Mr. Robert Krentz
The last case that I’d like to point out is even more tragic. Due to our unprotected souther borders, the Krentz family is mourning the death rancher Robert Krentz, who was murdered on his own property in southern Arizona along with his dog. According to the Tucson Citizen, Mr. Krentz was out on his all terrain vehicle checking water line fencing, while in conversation with his brother Andy via radio. Mr. Andy Krentz reports that the last words Robert Krentz uttered on the radio were “illegal alien”; that’s the non-euphemistic term that now is being referred to as “undocumented immigrant”. That evening, Mr. Krentz never came back to the ranch house– he was murdered by illegal aliens suspected of trafficking drugs into the United States. Mr. Krentz was used to dealing with illegals crossing his land, as it’s a very big problem in Arizona, even more so since California put up a fence on the Mexican border. So why is Mr. Krentz dead? Because the federal government has a long standing tradition of ignoring the importance of our immigration laws and does a meager job in support of those laws– both in monetary and moral support. At a time when Governor Jan Brewer (R) of Arizona, along with Senator John McCain (R-AZ) and Representative Gabrielle Giffords (D-AZ) are all asking the federal government to tighten up the border by sending troops to stop this hostile takeover of the sovereign lands of the United States, and what is our government’s response? Cowardly at best. The Obama Administration decides to concede our sovereignty to the drug smuggling criminals by putting up signs that say “Danger: Public Warning. Travel Not Recommended…Do Not Confront, call 911”, and then declares that, rather than enforce the law (which they obviously are not doing), it’s time to create another law and calls for ‘comprehensive immigration reform’. Again, another example of our very broken immigration system. It’s not the law that’s the problem, but the lack of enforcement by our government. These signs are indicative of the kind of commitment our federal government is willing to give. It’s somewhat ironic that the signs actually say, ‘Do Not Confront… call 911’, because that may be exactly what we get if we don’t confront the lack of border security enforcement and decide to ‘comprehensively reform’ our immigration laws. No confrontation of the illegal crossings, and we may actually have another 9/11 directly traceable back to the lackadaisical attitude our government has toward illegal border crossings.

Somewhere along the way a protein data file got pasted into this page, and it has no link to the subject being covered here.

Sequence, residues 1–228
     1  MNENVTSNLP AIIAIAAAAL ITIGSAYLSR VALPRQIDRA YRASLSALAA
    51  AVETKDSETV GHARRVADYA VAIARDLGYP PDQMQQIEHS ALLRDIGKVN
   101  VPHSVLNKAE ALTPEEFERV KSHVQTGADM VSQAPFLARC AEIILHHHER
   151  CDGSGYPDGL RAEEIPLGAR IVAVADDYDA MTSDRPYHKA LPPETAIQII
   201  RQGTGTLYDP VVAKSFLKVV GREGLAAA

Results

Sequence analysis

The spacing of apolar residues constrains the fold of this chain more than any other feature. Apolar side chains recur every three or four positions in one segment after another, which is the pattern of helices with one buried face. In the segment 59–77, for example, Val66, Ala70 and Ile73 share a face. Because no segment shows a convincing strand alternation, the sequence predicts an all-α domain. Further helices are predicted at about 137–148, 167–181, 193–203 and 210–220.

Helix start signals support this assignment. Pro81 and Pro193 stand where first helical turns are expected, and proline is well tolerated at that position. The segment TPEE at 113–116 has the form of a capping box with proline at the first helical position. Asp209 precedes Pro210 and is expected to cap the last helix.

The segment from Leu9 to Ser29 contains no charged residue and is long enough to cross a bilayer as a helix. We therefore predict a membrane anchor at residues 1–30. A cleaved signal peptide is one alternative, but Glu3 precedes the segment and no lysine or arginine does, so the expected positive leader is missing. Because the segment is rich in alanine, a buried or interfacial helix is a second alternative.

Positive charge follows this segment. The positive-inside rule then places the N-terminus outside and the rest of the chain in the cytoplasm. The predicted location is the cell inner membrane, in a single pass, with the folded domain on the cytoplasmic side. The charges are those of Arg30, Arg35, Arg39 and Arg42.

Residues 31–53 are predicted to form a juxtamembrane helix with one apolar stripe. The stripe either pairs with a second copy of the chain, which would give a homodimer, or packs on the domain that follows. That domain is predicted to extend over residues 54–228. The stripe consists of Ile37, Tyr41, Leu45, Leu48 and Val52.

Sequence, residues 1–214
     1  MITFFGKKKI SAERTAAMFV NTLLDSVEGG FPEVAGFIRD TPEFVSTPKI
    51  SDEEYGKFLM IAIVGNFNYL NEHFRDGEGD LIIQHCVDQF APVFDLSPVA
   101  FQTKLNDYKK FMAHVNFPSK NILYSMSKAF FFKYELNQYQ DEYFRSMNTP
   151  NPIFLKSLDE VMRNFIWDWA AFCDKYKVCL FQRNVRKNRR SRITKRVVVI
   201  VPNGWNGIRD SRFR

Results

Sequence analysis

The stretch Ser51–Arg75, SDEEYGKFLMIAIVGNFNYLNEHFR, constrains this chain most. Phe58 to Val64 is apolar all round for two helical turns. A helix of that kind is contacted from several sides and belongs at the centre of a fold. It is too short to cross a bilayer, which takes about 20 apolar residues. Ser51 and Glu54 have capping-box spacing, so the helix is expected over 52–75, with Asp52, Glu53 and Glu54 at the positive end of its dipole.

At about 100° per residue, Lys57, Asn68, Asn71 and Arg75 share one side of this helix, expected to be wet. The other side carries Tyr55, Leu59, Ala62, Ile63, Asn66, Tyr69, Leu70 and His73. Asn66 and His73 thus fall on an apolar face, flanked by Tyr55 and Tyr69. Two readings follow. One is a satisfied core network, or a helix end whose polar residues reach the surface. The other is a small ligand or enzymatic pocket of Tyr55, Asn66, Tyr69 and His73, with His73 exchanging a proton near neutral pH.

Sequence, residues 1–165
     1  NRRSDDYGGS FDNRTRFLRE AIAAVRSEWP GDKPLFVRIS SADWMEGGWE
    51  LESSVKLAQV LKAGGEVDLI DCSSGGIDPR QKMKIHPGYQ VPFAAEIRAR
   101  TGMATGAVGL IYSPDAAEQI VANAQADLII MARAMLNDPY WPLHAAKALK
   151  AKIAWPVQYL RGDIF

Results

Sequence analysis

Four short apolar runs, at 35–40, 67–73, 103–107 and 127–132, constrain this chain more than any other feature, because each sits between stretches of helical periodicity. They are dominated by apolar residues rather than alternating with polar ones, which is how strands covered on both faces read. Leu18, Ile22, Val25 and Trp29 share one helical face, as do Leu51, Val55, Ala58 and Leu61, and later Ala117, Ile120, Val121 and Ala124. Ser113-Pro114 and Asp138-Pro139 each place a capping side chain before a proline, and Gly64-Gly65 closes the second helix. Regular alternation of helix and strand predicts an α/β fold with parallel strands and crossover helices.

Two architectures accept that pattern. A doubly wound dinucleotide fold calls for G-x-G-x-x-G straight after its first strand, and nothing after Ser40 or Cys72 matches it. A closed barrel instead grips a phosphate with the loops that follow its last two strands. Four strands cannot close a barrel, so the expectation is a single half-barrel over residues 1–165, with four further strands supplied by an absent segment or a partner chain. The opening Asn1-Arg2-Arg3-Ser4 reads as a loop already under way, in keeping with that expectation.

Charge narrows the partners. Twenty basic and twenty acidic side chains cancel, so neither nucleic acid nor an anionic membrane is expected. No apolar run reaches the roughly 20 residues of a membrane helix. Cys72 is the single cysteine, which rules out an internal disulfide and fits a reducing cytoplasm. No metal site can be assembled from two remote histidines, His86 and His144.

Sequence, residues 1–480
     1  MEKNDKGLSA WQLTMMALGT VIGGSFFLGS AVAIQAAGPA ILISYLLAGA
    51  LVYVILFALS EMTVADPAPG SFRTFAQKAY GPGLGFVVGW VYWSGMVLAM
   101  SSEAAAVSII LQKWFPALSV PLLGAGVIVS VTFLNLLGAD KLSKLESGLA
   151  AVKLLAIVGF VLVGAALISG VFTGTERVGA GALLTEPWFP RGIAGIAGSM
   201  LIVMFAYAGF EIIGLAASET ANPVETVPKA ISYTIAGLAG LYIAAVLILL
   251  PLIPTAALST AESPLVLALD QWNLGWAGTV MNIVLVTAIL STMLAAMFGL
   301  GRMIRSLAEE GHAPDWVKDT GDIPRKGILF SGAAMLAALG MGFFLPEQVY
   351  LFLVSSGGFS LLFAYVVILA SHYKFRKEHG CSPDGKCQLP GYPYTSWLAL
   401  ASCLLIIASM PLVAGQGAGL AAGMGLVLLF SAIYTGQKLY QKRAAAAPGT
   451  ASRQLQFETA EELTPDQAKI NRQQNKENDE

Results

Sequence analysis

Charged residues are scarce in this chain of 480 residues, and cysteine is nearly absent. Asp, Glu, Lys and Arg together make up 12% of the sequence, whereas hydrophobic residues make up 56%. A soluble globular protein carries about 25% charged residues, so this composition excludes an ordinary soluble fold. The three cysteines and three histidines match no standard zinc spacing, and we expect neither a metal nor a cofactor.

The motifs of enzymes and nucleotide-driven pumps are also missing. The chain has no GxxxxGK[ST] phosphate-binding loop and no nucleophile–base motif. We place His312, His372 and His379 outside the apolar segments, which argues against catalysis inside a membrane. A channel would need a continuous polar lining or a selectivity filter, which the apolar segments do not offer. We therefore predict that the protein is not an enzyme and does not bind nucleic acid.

The Bottom Line
The bottom line? Our immigration enforcement is broken– what we need is ‘comprehensive enforcement‘ of the current laws, not some ubiquitous reform that will not be reform, but rather remaking of the laws that ignore the problem we face today. If the government can’t do the simple things, like enforcement of current immigration law, what person in their right mind can adequately argue that the ethereal reform of the laws would fix the problem? Writing a law that says all the folks who crossed the border have been given amnesty is not fixing any problem– it’s simply absolving the government of dereliction of duty. We did this in 1986, and here we are again, just over two decades later. The immigration system has run amok, and we cannot afford to do the same thing we did in 1986, or anything like it– we need our government to enforce the law. How hard is that to comprehend? To get to any kind of reform of the statues, we need to see the current law enforced.